Wood and wood turning stimulate my imagination. Turning provides an opportunity to discover and experience form. It is exciting to expose a tree’s figure and find a bowl inside. A vessel is like a flowing object, revealing the inner beauty of that once majestic living tree. The wood continues to live for us, providing enjoyment through sight, touch, and use.
I have worked with wood since being a boy in Denver, Colorado. In 1975, I purchased a lathe and began to teach myself wood turning with the help of a book. My knowledge and skills have been enhanced through workshops organized by Albert LeCoff, and demonstrations at the American Association of Woodturners, Capitol Area Woodturners, Montgomery County Woodturners, and Chesapeake Woodturners. I am a founding member of CAW and MCW, and am also active in the James Renwick Alliance.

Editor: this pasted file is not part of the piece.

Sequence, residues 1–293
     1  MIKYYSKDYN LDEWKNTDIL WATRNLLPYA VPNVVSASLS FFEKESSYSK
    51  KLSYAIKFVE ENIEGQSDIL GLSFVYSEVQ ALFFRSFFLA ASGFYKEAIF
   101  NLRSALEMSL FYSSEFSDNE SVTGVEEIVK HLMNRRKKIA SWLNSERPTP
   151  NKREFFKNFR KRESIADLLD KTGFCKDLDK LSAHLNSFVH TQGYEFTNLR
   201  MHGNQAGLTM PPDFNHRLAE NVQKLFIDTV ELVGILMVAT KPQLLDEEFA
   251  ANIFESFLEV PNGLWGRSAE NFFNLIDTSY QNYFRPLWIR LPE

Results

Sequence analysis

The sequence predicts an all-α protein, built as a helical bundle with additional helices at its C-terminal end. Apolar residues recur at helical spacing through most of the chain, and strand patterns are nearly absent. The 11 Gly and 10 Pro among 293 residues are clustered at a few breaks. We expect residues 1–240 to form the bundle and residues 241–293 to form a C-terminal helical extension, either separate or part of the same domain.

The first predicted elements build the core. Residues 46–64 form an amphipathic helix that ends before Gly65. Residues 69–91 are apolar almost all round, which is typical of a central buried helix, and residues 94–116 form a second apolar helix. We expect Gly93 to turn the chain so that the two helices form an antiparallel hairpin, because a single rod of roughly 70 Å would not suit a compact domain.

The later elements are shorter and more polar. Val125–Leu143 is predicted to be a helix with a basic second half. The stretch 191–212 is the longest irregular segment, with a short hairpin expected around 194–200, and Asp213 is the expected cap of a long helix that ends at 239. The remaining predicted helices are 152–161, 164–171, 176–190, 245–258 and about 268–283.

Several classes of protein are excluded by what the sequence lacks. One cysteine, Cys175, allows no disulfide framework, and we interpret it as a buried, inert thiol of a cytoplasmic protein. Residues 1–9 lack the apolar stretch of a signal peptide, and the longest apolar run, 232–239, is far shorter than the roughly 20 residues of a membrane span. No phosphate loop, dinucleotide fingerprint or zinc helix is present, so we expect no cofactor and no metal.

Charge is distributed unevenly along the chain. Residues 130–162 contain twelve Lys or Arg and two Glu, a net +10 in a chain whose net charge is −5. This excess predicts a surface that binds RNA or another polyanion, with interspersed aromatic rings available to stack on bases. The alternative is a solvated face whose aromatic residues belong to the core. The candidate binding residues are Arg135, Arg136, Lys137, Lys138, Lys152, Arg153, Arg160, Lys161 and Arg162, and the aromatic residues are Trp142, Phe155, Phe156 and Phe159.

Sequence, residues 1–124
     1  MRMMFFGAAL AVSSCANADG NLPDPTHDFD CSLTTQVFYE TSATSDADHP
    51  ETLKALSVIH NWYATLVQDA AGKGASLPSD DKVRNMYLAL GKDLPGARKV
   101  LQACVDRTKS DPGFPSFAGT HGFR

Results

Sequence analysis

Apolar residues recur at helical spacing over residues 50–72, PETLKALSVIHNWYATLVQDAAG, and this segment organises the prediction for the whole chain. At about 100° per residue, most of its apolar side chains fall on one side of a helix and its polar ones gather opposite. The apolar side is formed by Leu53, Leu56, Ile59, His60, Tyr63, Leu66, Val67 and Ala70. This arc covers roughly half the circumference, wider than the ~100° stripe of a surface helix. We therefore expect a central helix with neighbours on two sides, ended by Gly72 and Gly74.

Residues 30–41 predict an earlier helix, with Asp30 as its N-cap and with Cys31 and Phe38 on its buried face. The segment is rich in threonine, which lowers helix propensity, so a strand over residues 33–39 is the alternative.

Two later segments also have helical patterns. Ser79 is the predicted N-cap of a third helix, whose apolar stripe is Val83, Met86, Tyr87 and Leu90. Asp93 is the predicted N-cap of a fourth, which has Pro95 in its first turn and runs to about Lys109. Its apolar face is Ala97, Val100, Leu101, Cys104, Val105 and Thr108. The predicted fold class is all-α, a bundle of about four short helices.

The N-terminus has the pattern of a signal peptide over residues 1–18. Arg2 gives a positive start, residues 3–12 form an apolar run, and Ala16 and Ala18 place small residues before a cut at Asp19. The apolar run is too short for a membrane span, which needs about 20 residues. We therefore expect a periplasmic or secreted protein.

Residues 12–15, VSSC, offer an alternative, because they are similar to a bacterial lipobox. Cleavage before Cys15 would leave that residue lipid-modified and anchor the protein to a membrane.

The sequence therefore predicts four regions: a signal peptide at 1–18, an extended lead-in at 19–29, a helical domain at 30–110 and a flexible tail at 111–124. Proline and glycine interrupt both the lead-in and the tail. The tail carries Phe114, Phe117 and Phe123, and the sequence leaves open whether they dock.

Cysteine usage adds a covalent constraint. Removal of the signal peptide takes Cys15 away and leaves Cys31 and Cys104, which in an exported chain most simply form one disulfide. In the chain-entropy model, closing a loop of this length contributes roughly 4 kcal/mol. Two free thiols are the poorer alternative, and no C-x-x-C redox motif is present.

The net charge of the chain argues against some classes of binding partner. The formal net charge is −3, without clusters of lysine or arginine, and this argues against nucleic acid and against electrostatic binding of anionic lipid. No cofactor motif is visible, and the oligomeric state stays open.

I primarily get wood from local trees that must be cut down, and I often allow the wood to spalt to increase the natural patterns. I am inspired by the work of such modern sculptors as Isamu Noguchi, Constantin Brancusi, Henry Moore, Barbara Hepworth, and Wharton Esherick, and pioneer wood turner Bob Stocksdale.
I exhibit my work in galleries and juried or invitational shows. My bowls are in the Smithsonian American Art Museum, the Gelman Library Collection at George Washington University, Mobile Art Museum, Racine Art Museum, The Center For Art In Wood, several major wood collections, and appreciated by hundreds of owners.